Turkish opposition leader attacked at soldier’s funeral
The leader of Turkey's main opposition party has been attacked by protesters at a military funeral in Ankara.
Republican People's Party (CHP) chief Kemal Kilicdaroglu was set upon by an angry crowd while attending a memorial on Sunday.
Footage shows him being pushed and shoved in the melee, with some in the crowd attempting to land blows.
Escorted by security forces, he took shelter in a nearby house until the crowd dispersed.
Mr Kilicdaroglu had attended the funeral to pay respects to a Turkish soldier who was killed in clashes with Kurdish PKK militants near the border with Iraq.
But what started as a protest against Mr Kilicdaroglu's presence descended into violence against him, according to Anadolu state news agency.
The CHP confirmed Mr Kılıçdaroğlu had been attacked but it was not immediately clear if he had been injured.
Speaking to AFP news agency, his party later said Mr Kilicdaroglu "is fine" while his office said legal action would be taken "against the culprits of the incident".
- Erdogan shows NZ attack video at rallies
- Why is Turkey fighting the markets?
- Erdogan: Turkey's pugnacious president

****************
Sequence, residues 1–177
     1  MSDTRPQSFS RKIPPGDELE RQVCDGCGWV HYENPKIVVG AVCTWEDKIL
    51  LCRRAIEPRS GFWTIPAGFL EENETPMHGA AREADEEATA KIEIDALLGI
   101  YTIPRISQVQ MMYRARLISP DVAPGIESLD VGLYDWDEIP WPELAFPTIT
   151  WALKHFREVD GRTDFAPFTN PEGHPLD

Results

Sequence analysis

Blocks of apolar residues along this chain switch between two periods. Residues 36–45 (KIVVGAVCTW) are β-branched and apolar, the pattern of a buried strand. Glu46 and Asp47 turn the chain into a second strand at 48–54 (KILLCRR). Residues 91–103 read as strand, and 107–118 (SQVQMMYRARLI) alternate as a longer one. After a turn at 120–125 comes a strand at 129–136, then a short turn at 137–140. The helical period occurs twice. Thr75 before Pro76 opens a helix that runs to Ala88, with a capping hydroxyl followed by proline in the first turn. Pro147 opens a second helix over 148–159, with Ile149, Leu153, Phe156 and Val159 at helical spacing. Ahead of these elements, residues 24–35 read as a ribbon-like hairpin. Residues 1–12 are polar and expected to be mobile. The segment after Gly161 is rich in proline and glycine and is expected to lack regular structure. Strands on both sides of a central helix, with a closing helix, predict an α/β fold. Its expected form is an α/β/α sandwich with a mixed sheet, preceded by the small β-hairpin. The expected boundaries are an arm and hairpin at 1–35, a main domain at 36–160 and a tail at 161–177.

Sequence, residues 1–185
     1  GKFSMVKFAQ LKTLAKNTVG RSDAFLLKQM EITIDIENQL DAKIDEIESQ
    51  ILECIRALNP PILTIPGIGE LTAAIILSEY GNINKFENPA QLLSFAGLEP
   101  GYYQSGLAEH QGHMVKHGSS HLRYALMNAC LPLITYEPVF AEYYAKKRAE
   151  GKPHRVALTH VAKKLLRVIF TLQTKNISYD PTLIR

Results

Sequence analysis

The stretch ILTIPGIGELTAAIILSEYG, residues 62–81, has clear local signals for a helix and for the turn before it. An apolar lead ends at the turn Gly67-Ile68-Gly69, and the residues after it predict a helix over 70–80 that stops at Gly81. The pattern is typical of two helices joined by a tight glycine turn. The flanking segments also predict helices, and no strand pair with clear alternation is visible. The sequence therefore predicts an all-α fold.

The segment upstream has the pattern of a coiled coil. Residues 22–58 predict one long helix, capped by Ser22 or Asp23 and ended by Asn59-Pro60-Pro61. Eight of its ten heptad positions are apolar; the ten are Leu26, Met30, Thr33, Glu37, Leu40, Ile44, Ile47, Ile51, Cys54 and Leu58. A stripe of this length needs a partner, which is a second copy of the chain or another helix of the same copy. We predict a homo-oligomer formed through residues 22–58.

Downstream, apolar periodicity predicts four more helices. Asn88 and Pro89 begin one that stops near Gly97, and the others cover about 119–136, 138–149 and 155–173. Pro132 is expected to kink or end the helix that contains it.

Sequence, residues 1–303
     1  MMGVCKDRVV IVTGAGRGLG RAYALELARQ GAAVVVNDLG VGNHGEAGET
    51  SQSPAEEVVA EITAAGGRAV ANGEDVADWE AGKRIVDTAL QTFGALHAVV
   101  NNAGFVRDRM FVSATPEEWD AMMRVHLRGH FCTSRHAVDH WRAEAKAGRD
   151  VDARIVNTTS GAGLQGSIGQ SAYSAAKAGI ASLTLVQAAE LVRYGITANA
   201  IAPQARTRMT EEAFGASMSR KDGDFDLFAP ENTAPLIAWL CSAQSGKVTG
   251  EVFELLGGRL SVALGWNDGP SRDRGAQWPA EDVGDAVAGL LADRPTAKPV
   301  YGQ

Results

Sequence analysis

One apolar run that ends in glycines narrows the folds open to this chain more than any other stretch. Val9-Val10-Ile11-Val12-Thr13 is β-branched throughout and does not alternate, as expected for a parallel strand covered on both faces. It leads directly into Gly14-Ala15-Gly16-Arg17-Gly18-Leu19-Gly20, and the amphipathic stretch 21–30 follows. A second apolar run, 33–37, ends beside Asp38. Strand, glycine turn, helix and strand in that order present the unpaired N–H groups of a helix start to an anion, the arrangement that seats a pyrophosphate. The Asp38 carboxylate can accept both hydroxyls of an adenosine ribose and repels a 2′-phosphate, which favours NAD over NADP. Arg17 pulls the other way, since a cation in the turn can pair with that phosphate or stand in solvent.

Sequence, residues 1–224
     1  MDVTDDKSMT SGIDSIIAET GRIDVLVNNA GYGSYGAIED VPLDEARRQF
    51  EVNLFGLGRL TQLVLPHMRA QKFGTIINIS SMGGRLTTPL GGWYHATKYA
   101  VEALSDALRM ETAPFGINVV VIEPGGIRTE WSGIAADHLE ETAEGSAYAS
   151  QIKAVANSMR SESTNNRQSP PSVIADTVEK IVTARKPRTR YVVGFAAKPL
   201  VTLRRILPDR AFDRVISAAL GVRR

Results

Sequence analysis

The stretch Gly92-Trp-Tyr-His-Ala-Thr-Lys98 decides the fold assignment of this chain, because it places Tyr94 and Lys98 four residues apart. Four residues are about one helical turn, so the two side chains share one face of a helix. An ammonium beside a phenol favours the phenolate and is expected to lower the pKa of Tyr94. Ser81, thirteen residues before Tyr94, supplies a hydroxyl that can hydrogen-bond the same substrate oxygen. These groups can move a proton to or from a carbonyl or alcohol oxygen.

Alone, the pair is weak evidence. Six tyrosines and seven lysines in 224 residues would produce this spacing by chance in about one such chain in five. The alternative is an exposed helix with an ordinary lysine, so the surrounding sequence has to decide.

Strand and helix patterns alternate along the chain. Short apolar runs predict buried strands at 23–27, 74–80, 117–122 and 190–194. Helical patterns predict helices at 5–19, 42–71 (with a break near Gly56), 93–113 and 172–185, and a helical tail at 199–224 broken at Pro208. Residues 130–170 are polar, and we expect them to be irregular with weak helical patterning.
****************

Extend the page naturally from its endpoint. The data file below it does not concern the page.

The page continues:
President Recep Tayyip Erdogan's ruling AKP party and nationalist politicians have criticised Mr Kilicdaroglu for his connections with pro-Kurdish party, HDP.
They have accused him of cooperating with the HDP, which the government has linked to Kurdish militants. HDP denies any links to militants.
Tensions have risen in Turkey since the CHP won Ankara and Istanbul in mayoral elections, delivering a blow to Mr Erdogan's AKP party.
Alleging irregularities with the vote, Mr Erodgan has challenged the slim opposition victory for the CHP's mayoral candidate for Istanbul, Ekrem Imamoglu.
A recount by election authorities determined that Mr Imamoglu had won the election by around 13,000 votes, granting him his mandate.
The AKP, which has been criticised for fuelling partisan tensions, had won every election since coming to power in 2002.
On the campaign trail, Mr Erdogan said the municipal votes were about the "survival" of Turkey and his party.